Silence is the worst thing you can do to your child’s spiritual development. Silence sends the implicit message that a child’s transcendent experiences and feelings are “off the map,” not “really real,” or are not important enough for your family to discuss. This can be the accidental side effect of a parent’s own avoidance of spiritual questions, or a side stepping of cultural or religious blending within a family. But losing the place of natural spirituality in the home is a loss to the child. A young teen girl explain it this way.

My mother was raised Hindu. Well sort of— that is what she really is. But she went to Catholic school, and she believes in Jesus, so officially she is Christian. My father was raised Jewish, but did not really observe as a child. So because they did not have the same religion we got rid of it as a family— and we are atheists. Well, not really atheists. We just don’t talk about it.

This highly articulate girl went on to share that she felt joy and felt uplifted when visiting a beautiful cathedral on a class trip, but she had no frame of reference for understanding these feelings as coming from a source of spirituality within her. Her parents’ rejection of religion had prevented the recognition of spirituality as a natural, personal faculty of direct knowing, and connection to a larger universe through head and heart. Spiritual multilingualism can hold on to direct knowing, far better than silence, if a single religious “language” does not make sense for a family.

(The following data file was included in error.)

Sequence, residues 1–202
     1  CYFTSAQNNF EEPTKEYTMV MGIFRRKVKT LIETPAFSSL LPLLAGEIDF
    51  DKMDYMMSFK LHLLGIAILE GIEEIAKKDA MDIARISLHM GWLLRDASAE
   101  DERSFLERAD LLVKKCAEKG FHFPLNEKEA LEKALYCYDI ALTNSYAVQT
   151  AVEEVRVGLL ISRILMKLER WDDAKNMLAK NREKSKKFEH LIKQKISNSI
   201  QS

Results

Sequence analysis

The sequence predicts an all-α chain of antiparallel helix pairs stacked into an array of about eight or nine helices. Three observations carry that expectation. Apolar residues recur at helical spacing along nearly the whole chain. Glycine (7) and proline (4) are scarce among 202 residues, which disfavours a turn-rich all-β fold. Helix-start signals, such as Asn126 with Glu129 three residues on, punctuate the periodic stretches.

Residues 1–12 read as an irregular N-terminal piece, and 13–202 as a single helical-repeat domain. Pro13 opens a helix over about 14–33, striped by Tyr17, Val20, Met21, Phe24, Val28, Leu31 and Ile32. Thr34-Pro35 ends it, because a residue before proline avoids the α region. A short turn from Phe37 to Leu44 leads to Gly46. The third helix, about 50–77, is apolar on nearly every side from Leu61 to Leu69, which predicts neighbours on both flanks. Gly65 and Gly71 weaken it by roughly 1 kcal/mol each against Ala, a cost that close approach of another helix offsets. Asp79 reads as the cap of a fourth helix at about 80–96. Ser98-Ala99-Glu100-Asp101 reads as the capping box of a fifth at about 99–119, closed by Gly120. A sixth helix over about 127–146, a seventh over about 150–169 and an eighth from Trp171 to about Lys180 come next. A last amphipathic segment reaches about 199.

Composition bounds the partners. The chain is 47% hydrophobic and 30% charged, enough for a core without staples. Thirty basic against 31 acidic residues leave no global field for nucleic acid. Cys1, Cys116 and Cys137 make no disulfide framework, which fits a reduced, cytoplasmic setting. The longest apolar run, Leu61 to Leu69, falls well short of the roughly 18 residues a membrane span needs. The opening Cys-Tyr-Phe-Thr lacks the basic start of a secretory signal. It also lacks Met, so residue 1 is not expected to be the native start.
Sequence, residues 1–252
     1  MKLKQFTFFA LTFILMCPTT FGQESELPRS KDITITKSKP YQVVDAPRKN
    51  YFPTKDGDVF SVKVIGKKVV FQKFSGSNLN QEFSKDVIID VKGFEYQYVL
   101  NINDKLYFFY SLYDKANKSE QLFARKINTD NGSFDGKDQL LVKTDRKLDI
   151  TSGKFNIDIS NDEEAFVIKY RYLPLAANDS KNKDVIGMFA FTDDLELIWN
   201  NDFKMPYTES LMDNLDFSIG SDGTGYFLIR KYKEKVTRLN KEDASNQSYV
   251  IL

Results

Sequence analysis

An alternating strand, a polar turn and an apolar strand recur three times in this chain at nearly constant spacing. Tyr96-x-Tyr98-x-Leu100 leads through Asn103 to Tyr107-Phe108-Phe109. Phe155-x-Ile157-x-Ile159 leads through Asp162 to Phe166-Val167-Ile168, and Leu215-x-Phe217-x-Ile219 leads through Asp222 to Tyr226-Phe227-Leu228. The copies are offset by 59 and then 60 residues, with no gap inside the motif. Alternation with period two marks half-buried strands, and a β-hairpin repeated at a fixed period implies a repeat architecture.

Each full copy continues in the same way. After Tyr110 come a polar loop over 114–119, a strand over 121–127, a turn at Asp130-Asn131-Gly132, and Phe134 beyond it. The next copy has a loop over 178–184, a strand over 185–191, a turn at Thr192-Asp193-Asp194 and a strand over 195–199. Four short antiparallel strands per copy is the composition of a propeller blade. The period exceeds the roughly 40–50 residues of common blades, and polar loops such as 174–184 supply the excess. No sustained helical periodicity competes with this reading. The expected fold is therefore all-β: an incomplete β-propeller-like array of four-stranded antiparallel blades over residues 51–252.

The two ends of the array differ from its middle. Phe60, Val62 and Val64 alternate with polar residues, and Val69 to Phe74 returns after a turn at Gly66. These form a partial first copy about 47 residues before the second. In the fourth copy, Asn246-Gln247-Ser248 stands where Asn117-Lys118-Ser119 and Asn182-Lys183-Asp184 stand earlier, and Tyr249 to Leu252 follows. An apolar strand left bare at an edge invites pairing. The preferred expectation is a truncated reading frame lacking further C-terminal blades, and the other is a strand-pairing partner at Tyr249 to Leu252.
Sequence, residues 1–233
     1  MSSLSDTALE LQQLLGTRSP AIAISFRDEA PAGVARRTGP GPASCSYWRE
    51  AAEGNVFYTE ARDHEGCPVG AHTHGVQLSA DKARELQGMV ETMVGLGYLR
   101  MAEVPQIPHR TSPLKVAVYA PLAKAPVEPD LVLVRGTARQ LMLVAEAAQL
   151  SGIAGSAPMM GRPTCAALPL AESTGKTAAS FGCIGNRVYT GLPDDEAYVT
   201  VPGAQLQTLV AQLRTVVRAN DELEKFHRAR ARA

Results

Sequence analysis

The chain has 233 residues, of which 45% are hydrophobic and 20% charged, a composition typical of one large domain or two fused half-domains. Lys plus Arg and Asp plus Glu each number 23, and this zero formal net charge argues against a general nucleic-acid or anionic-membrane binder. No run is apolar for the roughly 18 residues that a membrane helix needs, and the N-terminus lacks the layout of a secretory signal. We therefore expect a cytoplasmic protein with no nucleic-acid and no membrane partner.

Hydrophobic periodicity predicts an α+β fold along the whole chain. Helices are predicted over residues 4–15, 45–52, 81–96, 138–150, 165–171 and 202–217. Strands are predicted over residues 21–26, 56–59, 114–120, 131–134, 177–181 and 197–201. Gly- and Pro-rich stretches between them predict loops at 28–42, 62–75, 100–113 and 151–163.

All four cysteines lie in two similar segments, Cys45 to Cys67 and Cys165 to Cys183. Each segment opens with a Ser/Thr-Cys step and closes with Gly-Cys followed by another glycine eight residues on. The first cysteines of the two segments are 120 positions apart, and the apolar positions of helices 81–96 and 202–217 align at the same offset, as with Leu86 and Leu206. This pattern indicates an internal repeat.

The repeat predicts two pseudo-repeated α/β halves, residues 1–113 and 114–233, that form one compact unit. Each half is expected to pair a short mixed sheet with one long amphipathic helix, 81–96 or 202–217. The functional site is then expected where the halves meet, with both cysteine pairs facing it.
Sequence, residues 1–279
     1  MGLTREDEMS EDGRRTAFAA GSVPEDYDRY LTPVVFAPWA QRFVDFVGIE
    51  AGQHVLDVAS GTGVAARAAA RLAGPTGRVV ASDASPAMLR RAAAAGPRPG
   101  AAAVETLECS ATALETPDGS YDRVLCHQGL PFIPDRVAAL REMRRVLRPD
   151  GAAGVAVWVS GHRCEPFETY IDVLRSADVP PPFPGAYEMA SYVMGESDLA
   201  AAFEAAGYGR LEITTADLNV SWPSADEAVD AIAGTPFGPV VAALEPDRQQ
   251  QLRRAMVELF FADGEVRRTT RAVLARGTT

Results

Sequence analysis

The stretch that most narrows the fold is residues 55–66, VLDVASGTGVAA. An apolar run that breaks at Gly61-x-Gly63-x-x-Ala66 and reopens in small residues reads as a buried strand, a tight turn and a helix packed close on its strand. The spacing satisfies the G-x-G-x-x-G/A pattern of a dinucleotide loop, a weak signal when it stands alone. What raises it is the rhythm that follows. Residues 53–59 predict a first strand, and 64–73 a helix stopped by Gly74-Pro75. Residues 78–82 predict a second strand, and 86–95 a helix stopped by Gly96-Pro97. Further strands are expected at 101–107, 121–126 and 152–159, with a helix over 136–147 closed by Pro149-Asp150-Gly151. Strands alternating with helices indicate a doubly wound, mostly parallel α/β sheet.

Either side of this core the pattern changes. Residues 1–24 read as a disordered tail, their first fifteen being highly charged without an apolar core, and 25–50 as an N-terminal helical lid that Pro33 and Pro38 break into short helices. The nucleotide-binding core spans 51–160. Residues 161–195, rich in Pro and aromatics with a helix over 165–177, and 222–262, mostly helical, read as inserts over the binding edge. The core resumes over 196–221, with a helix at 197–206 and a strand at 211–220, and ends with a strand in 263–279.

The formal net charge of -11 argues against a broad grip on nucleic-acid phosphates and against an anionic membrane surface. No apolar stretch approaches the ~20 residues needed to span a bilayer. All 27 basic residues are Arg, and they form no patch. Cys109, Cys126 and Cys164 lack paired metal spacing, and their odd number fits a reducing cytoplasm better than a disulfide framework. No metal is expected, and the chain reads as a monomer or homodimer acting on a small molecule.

No matter how complicated or ill prepared you feel approaching this spiritual conversation, there is always a way to do it. In a religiously “mixed marriage,” it’s less important in which religion or spiritual language you land. The essential point is that you provide your child with a way to explore natural spirituality. You don’t even have to have a clear stance on your own spirituality. You simply need to show that you respect the quest and support the exploration. Divorced from the field of love, language and symbolism can be misused to teach prejudice, bigotry, and beliefs in religious superiority—in effect, being used to kill off experience and close minds. Within the field, spiritual multilingualism opens up things, broadens the conduit to heart knowing and a child’s inner compass. Now is the time—in this first decade—to sustain the spiritual conversation in the way you welcome questions and conversation. As learners and as spiritual beings, our children need to be free, not held in place by systems of reasoning and limitations of language and socializations.

Excerpted from "The Spiritual Child: The New Science on Parenting for Health and Lifelong Thriving" by Lisa Miller, Ph.D. Published by St. Martin's Press. Copyright 2015 by Lisa Miller. Reprinted with permission of the author and publisher. All rights reserved.